Submitted by Assigned_Reviewer_1
Q1: Comments to author(s). First provide a summary of the paper, and then address the following criteria: Quality, clarity, originality and significance. (For detailed reviewing guidelines, see http://nips.cc/PaperInformation/ReviewerInstructions)
I was asked to provide a "light review" for this paper.
The paper considers the problem of recovering an ndimensional signal from random quadratic measurements (i.e., the phase retrieval problem). This problem is known to be solvable in principle from about n measurements; SDP relaxations efficiently solve the problem with O(n) measurements but are not scalable to very large problems. One way of obtaining more efficient algorithms is to consider nonconvex optimization. Interesting results have been obtained using gradient methods (Wirtinger flow) and alternating directions methods, but these guarantees require at least O( n log n ) measurements.
The submission gives a nonconvex method which requires only O( n ) measurements. It also converges more rapidly than the Wirtinger flow, and is stable under small noise. The main idea is a truncation trick which prevents a few measurements from overly influencing the direction of the gradients. This is important, since the algorithm is derived from a Poisson noise model and the gradients are not integrable. Truncation is also deployed to improve the spectral initialization step of the algorithm.
The truncation idea is intuitive, but its analysis is nontrivial. It could be useful for improving the analyses of other nonconvex problems. The paper exhibits this possibility with an application to subspace segmentation / mixed linear regression. Since truncation discards samples with undue influence on the local structure of the objective function, it would be interesting to know if it can convey robustness to some fraction of gross measurement errors.
Overall, the paper makes a nice contribution to the literature on phase retrieval and on provable nonconvex methods in general.
Q2: Please summarize your review in 12 sentences
The submission gives a nonconvex method for phase retrieval which requires only O( n ) measurements. It also converges more rapidly than existing methods, and is stable under small noise. The main idea is a truncation trick which prevents a few measurements from overly influencing the direction of the gradients. This trick may be useful in the analysis of other nonconvex methods, especially for functions whose gradient is heavytailed.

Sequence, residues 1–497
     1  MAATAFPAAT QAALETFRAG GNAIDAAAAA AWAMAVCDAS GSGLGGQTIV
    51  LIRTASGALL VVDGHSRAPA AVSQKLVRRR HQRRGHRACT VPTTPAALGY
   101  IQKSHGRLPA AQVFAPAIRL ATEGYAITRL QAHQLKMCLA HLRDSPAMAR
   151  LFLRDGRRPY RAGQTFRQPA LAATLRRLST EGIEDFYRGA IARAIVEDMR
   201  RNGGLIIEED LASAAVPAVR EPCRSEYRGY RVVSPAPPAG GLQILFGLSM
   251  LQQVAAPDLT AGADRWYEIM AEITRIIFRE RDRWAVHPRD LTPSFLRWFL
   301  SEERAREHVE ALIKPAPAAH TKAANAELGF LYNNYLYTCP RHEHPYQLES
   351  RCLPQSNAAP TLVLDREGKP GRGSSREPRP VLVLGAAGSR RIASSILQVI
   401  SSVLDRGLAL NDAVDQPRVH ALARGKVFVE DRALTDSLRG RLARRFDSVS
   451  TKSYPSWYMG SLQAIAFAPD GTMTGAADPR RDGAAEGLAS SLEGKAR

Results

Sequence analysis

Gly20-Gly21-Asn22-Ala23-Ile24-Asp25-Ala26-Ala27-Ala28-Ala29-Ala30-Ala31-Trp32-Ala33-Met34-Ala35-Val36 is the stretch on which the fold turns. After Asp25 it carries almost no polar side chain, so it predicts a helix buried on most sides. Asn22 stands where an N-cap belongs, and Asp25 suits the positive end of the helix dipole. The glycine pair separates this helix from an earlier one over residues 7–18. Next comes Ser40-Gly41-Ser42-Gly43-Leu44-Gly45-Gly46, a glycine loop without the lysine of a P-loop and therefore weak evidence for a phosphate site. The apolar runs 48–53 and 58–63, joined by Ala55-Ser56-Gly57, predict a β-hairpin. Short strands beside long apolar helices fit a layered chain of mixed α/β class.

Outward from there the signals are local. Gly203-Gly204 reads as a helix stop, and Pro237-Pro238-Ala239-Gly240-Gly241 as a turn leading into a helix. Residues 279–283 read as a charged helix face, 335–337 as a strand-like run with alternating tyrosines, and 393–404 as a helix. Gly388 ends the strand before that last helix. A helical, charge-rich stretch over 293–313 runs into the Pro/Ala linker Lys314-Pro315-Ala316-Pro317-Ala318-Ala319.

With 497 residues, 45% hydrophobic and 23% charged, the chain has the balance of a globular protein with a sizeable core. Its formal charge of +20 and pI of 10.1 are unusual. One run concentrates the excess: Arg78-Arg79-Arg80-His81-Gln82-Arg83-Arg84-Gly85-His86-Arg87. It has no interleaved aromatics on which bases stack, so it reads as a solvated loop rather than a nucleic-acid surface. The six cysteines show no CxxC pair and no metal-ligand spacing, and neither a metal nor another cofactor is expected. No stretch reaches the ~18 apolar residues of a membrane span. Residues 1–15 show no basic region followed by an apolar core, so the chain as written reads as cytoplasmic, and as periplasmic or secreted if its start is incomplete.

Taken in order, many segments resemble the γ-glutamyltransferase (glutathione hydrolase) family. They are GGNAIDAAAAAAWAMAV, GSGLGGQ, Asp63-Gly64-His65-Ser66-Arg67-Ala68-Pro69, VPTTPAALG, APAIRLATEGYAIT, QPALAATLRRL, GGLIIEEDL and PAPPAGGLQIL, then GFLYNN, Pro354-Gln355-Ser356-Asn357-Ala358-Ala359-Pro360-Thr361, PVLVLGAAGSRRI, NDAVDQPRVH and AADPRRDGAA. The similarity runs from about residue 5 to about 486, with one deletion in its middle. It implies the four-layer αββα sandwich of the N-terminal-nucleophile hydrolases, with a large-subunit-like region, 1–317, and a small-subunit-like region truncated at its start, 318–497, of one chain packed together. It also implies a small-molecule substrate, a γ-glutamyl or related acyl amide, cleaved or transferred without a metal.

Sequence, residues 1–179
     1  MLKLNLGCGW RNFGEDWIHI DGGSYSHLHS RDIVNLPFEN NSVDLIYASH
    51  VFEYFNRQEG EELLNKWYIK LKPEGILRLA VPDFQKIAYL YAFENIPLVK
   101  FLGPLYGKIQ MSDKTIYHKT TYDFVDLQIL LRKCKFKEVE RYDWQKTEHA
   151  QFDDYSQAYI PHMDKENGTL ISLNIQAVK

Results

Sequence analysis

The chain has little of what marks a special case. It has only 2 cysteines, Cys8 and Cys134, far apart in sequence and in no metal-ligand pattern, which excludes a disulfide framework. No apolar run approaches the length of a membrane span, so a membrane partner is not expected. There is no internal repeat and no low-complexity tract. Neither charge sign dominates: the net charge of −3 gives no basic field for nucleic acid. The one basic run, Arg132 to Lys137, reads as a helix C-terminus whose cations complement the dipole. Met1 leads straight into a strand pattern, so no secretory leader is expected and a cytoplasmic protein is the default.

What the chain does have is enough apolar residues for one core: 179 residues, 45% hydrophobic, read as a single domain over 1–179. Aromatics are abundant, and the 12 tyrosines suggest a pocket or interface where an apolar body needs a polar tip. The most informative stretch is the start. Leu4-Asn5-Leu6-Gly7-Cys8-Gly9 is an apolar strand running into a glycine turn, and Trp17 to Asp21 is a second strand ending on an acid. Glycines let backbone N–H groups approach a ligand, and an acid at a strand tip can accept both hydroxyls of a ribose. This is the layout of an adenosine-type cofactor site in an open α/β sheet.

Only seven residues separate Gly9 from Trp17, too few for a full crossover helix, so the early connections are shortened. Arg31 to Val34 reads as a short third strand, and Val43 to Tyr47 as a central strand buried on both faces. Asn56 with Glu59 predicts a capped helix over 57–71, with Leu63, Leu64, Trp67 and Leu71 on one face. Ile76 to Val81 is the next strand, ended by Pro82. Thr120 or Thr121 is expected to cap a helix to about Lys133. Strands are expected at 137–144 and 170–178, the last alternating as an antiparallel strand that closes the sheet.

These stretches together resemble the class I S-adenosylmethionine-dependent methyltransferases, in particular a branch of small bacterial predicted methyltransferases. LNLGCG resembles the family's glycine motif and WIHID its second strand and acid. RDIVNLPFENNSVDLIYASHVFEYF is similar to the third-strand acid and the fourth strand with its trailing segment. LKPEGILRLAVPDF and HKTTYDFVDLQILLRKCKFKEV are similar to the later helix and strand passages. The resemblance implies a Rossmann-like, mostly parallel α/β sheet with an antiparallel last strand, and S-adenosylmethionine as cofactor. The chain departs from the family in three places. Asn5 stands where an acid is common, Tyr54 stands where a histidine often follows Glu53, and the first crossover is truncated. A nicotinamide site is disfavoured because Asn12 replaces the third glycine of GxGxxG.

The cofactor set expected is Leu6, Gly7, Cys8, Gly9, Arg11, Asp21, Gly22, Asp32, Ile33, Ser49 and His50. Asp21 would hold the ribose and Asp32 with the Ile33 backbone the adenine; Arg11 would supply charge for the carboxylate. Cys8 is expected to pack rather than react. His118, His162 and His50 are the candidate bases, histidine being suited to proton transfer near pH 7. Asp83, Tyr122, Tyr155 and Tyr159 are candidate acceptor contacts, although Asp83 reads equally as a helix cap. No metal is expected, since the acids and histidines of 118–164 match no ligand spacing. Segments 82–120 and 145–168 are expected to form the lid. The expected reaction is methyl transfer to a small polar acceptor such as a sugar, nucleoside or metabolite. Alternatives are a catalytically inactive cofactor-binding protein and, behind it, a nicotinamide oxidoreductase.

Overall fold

Submitted by Assigned_Reviewer_2
Q1: Comments to author(s). First provide a summary of the paper, and then address the following criteria: Quality, clarity, originality and significance. (For detailed reviewing guidelines, see http://nips.cc/PaperInformation/ReviewerInstructions)
The paper is proposing a fast iterative algorithm for solving a set of quadratic equations of the form y_i = (a_i,x)^2 where the a_i's are chosen as i.i.d. Gaussian vectors. The problem arises in application such as the phase retrieval problem in imaging.
The method relies and improve on a recent paper which applies an iterative Wirtinger flow algorithm. The main novelty of the current paper is a truncation scheme which ignores examples with large magnitude of the gradient and stabilize the variance of the resulting stochastic gradient descent steps.
This, together with
careful analysis, enable the authors to prove convergence guarantees on the method, for both the noiseless and noisy case, and using a number of samples which is optimal up to a constant, thus improving upon the untruncated version. The paper is also quite clearly written and understandable.
The numerical experiments show good estimation error and running time  but the authors do not compare their method to several other methods (refs. [2,13,15,16]) in terms of accuracy and speed (except an short analysis of the sample complexity of [15])  therefore, although the author's method is superior in terms of provable guarantees, it is not clear to me that it is superior in practice for the simulations shown.
The author's observation of a factor4 scaling between the linear and quadratic case is interesting. However, it is not clear how universal it is  does it arise in a specific simulation or is it more general and robust to choices of parameters such as dimension, sample size, noise level etc.? there seem to be no explanation of this phenomena, and it does not carry over to the rigorous results in section 1.4 which uses general constants as far as I understand.
Q2: Please summarize your review in 12 sentences
The paper presents a provable nonconvex iterative solver for a random system of quadratic equations. Numerical results show only a slight (constant) increase in computation time and decrease in accuracy compared to the linear case.
Submitted by Assigned_Reviewer_3